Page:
South Africa faces water rationing as dam levels drop after drought

JOHANNESBURG (Reuters) - South Africa will experience water rationing if consumers do not heed calls to cut consumption to avoid a collapse of the water system as dam levels fall after a drought, an official in the country’s water department said on Thursday.

A woman fills a bucket at the last tap with running water in their village after water to the other communal taps was cut off due to drought in Qwabe, north of Durban, January 22, 2016. REUTERS/Rogan Ward

Concerns over water supply in Africa’s most industrialized country have risen after an El Nino weather pattern brought drought conditions to much of southern Africa, hurting agriculture output.

The department of water in August asked municipalities to cut water supply by 15 percent to preserve dam levels, but said the response had been poor.

Water and Sanitation Minister Nomvula Mokonyane said last week failure to cut water use would “trigger the next level of interventions” to avoid the collapse of the water system.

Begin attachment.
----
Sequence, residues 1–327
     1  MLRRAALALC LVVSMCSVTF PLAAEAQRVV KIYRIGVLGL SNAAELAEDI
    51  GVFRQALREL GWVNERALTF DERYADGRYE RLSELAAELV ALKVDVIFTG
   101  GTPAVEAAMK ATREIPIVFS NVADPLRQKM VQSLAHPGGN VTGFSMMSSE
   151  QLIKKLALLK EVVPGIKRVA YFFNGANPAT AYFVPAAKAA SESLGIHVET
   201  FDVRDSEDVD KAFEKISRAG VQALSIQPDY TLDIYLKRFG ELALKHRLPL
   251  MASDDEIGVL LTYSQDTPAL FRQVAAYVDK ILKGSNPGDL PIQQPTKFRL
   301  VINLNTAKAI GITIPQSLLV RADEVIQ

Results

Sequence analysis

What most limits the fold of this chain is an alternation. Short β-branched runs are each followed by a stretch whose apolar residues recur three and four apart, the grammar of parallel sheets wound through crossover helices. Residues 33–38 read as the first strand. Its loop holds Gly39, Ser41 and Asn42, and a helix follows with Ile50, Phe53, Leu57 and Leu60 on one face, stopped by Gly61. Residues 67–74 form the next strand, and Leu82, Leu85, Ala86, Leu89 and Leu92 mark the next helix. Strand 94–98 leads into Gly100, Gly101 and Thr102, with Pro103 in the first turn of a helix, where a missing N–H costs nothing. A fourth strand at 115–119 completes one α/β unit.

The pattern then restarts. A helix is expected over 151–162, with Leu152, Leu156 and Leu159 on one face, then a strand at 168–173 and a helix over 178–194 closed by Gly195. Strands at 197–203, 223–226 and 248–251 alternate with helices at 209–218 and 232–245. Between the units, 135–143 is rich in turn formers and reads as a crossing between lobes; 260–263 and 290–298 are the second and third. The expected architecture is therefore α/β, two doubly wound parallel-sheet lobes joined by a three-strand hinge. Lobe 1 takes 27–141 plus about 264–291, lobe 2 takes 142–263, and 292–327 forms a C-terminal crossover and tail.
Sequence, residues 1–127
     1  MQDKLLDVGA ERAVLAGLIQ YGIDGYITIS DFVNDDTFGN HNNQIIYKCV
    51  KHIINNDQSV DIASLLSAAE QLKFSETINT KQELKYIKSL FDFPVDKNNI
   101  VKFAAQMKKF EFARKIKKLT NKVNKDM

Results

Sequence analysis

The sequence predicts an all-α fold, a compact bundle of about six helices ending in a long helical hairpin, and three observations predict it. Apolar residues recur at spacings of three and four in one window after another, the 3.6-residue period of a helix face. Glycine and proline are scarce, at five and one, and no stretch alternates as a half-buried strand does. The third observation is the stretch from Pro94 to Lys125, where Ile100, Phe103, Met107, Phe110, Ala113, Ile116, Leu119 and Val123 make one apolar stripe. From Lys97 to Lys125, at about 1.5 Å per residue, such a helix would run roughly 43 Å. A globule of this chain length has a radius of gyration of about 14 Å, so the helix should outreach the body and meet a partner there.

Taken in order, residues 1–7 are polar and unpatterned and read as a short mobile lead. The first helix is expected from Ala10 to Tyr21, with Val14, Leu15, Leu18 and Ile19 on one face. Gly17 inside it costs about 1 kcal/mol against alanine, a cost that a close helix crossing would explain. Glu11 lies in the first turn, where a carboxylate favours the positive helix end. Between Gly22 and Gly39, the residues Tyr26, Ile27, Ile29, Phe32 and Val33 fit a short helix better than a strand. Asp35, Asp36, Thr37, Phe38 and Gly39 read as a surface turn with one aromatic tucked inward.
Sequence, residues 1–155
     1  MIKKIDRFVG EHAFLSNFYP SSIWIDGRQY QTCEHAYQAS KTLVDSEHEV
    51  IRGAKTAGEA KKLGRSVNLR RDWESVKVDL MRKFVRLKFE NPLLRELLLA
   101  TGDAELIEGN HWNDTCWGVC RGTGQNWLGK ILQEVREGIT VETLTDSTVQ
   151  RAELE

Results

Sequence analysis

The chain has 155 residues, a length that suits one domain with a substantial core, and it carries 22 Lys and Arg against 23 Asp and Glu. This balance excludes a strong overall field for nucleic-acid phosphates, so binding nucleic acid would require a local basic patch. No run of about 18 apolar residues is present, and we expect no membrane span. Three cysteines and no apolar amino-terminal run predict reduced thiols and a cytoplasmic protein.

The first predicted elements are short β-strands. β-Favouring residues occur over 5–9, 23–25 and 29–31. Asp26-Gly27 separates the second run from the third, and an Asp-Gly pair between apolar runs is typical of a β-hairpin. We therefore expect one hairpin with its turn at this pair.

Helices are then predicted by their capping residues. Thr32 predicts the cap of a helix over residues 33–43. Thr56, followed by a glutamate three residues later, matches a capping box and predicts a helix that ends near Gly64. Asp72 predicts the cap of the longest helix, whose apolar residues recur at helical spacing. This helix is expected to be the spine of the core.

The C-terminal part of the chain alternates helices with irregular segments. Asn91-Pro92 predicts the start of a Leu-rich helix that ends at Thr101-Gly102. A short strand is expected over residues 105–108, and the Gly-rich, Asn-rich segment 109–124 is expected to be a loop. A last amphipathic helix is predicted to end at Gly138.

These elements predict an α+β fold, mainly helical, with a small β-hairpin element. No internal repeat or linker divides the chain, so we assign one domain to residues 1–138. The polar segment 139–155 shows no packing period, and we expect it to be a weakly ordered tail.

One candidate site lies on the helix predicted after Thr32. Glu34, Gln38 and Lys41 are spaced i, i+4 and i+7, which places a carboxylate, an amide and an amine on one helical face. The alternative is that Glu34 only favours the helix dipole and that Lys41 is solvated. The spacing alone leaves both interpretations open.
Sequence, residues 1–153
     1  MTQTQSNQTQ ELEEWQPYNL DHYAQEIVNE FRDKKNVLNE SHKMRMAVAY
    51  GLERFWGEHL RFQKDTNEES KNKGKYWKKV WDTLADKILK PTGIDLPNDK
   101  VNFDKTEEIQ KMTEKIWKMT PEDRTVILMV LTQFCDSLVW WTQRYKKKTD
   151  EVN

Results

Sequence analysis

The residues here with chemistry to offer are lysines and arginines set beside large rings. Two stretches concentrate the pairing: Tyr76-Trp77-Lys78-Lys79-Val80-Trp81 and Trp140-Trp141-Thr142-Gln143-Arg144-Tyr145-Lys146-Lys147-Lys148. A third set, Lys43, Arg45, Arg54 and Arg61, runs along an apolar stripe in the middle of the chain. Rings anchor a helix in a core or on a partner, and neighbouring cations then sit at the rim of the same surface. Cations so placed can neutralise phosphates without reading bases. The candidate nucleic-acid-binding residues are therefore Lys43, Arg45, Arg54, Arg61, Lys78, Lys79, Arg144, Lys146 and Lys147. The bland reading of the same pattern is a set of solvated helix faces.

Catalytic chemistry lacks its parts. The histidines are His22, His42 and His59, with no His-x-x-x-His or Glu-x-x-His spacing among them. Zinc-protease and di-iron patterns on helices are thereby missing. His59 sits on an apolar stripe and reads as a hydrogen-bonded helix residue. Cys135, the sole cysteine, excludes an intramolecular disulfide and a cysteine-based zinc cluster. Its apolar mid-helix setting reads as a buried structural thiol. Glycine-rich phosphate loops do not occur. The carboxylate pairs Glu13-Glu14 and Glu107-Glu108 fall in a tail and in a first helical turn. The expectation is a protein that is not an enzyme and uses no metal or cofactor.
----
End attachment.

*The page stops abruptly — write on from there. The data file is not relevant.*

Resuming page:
Asked what the next level would be, the minister’s spokesman Mlimandlela Ndamase said:

“The next level will be rationing, which in turn has consequence referred to as shedding...The urgency of saving 15 percent cannot be over emphasized. It is critical.”

The water supply disruptions would be akin to power cuts - known locally as load shedding - such as those imposed by power utility Eskom after it faced supply problems.


Dam levels nationally were at 51 percent as of Sept. 26, compared with 70 percent the same time last year, the water department said.

The Vaal Dam, which supplies water to economic hub Johannesburg and the capital Pretoria among other areas, was at 30 percent capacity last week and the department expects capacity to fall to 25 percent by mid-November if there is no reduction in water consumption.

Johannesburg Water, a water provider for the city, said on its twitter page on Thursday it was “moving closer to water shedding and residents will suffer if they continue ignoring water restrictions.”

The City of Johannesburg has already implemented ‘water throttling’, which is the reduction of water inflow into an area and different from ‘shedding’, which is when the supply is completely cut off for certain periods.

“Most areas will notice a drop in pressure. We already have a number of complaints from consumers about that, but we want to use that to get people to comply,” Johannesburg councillor Anthony Still told Talk Radio 702.

Severe drought conditions are still afflicting most of South Africa and temperatures are expected to remain above normal until December, the national weather service said.

Editing by James Macharia and Ralph Boulton